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The Pit, Raleigh, NC
The Pit, Raleigh, NC
The Pit, Raleigh, NC
The Pit, Raleigh, NC
The Pit, Raleigh, NC

North Carolina Barbecue:
Part of a 350-Year Heritage

Authentic barbecue has been at the center of a rich traditional food heritage in North Carolina for over three and a half centuries. Europeans observed native peoples on both the islands of the West Indies and on the eastern edge of North America building frameworks of green saplings for smoking meat over pits of glowing wood coals. The Spanish term barbacoa—from which the English word barbecue was derived—is an adaptation of a Caribbean Taino Indian word describing these early barbecue grills.

Some of the earliest colonial regulations prohibited discharging muskets "at barbecues." George Washington once wrote in a diary, "Gone to a barbecue. Back in three days." Virginia colonists derided North Carolina settlers for consuming prodigious amounts of "swine's flesh." From the earliest days, North Carolina barbecue has always centered on fire-roasted pork. Most Tar Heel settlers could afford pigs, which could be turned loose to root for acorns and other food, whereas cattle required pasturage.

The common practice in the first-settled coastal plain of North Carolina was to roast split whole hogs over wood coals and to anoint the crispy-yet-succulent meat with the English "catsup" of the time: vinegar enlivened with salt, hot peppers and, occasionally, a dash of oyster juice for flavor. Tomatoes were not commonly consumed in colonial days, as they were thought to be poisonous.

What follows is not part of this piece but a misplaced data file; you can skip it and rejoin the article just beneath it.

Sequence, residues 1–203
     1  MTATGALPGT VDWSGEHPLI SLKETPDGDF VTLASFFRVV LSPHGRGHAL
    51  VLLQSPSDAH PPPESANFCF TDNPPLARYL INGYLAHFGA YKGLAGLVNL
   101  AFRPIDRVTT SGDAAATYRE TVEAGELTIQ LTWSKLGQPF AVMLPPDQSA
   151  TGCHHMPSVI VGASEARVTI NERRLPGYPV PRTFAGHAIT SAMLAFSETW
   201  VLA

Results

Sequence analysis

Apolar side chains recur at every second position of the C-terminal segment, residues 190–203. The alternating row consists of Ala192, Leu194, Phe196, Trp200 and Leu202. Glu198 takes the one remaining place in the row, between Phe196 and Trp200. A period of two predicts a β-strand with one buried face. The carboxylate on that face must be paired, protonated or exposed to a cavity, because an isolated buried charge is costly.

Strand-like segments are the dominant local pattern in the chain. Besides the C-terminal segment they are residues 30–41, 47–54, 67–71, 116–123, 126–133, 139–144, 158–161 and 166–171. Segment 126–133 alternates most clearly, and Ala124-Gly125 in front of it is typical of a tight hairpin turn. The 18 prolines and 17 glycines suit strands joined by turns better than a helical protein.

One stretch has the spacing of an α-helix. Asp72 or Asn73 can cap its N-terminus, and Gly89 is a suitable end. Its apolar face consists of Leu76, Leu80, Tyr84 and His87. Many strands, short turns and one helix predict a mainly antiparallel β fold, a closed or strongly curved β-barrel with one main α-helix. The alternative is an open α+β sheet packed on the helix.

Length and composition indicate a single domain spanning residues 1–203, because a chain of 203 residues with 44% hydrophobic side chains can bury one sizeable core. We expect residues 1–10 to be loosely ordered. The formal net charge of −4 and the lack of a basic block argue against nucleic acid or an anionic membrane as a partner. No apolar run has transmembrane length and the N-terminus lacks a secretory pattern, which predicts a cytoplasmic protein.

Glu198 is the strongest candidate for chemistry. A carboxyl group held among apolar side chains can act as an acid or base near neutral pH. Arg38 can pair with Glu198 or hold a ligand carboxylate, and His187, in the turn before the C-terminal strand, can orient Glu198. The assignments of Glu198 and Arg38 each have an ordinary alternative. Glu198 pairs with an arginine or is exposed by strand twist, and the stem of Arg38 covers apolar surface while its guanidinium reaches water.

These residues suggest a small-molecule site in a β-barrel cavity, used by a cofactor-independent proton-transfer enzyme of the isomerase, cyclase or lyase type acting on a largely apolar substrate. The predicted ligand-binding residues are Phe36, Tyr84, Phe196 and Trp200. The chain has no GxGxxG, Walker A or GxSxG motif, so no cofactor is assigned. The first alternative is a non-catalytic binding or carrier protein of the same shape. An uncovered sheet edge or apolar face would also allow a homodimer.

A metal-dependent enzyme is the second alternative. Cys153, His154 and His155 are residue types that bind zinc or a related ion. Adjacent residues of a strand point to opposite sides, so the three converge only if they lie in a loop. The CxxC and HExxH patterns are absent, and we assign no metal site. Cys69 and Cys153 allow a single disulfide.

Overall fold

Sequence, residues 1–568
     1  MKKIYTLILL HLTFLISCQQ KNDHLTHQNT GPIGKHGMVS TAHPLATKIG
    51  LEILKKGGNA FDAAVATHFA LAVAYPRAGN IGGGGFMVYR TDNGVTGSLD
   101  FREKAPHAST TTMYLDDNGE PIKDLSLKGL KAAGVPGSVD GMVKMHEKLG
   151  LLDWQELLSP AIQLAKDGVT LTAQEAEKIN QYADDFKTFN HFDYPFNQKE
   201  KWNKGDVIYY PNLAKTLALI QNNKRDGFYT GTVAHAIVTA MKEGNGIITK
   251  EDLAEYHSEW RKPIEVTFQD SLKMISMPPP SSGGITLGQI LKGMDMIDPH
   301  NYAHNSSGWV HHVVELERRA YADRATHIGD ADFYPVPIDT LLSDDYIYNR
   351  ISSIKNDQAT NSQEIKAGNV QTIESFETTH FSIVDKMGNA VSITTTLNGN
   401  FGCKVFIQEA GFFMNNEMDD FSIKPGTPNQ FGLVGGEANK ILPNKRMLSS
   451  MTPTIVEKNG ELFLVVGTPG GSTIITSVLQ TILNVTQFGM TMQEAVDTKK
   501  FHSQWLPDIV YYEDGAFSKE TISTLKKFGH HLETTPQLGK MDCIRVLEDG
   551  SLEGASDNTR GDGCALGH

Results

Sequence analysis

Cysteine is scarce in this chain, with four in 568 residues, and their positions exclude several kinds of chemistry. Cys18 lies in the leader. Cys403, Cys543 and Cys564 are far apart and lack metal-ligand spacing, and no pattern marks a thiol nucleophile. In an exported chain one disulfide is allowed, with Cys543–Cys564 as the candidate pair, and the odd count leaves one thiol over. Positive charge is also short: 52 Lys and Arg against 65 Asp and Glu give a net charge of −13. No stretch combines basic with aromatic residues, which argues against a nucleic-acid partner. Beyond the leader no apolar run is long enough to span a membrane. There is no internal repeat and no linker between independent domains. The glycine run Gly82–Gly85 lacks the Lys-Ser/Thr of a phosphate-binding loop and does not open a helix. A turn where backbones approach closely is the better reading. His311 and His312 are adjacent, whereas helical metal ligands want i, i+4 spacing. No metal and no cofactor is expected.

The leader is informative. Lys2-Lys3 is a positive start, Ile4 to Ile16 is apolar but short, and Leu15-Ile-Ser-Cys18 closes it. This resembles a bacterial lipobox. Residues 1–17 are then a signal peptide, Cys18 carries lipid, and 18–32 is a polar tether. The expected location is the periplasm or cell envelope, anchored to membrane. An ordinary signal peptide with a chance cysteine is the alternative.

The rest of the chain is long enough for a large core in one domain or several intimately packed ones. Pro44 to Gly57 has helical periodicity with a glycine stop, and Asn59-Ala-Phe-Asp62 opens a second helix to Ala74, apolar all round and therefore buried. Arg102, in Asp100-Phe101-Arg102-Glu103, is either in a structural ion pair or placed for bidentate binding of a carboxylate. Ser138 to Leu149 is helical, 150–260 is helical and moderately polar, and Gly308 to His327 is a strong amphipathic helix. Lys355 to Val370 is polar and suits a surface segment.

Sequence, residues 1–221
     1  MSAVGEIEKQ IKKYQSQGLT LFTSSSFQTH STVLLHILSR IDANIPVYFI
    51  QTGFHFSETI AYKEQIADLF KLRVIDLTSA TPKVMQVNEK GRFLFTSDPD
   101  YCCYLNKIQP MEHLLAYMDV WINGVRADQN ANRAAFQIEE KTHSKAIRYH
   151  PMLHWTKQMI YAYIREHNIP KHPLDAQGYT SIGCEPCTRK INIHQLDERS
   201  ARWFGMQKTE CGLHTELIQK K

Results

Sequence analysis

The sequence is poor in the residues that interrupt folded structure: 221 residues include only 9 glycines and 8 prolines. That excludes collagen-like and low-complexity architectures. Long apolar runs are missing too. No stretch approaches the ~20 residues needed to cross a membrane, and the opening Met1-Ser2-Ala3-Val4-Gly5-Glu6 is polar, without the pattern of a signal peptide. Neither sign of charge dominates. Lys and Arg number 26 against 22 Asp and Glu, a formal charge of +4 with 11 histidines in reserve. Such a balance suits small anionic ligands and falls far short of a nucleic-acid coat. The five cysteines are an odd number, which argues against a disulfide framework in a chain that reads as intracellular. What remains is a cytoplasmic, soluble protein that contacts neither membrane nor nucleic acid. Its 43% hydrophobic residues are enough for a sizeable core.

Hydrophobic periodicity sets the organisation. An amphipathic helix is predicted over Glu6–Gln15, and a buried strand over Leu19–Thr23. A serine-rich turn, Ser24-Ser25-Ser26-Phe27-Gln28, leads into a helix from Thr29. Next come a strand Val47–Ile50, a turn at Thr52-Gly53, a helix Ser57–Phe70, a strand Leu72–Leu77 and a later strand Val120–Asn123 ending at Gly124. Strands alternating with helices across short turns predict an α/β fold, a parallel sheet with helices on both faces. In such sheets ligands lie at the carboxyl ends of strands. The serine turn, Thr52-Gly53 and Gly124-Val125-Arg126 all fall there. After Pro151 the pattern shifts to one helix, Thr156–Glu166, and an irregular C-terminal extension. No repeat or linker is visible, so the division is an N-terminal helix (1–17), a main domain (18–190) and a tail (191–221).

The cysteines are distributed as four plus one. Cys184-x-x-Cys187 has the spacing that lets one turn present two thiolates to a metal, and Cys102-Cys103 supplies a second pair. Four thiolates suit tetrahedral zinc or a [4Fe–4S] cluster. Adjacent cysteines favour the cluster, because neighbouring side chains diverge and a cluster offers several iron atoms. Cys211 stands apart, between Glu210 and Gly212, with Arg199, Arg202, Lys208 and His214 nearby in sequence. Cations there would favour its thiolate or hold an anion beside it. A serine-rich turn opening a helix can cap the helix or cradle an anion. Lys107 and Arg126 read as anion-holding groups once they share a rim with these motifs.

Thus, the whole hog, live coal-roasted barbecue of the east—along with its vinegary, tomato-less sauce—became America's first form of barbecue. The German settlers who swept into North Carolina's piedmont by way of the Great Wagon Road later established the custom of barbecuing only the pork shoulder and of adding a little tomato puree and sugar to the vinegar sauce of the east (once tomatoes were discovered to be safe to eat.) As barbecue practices followed westward expansion beyond the Appalachians, more and more tomato and sweeteners were added to barbecue sauces; and ribs, fowl, mutton and beef brisket became frequently included among the most commonly barbecued meats.

Barbecue has always been the food of celebration in North Carolina, and we're glad you've joined us to celebrate one of our state's most revered food traditions.

By Bob Garner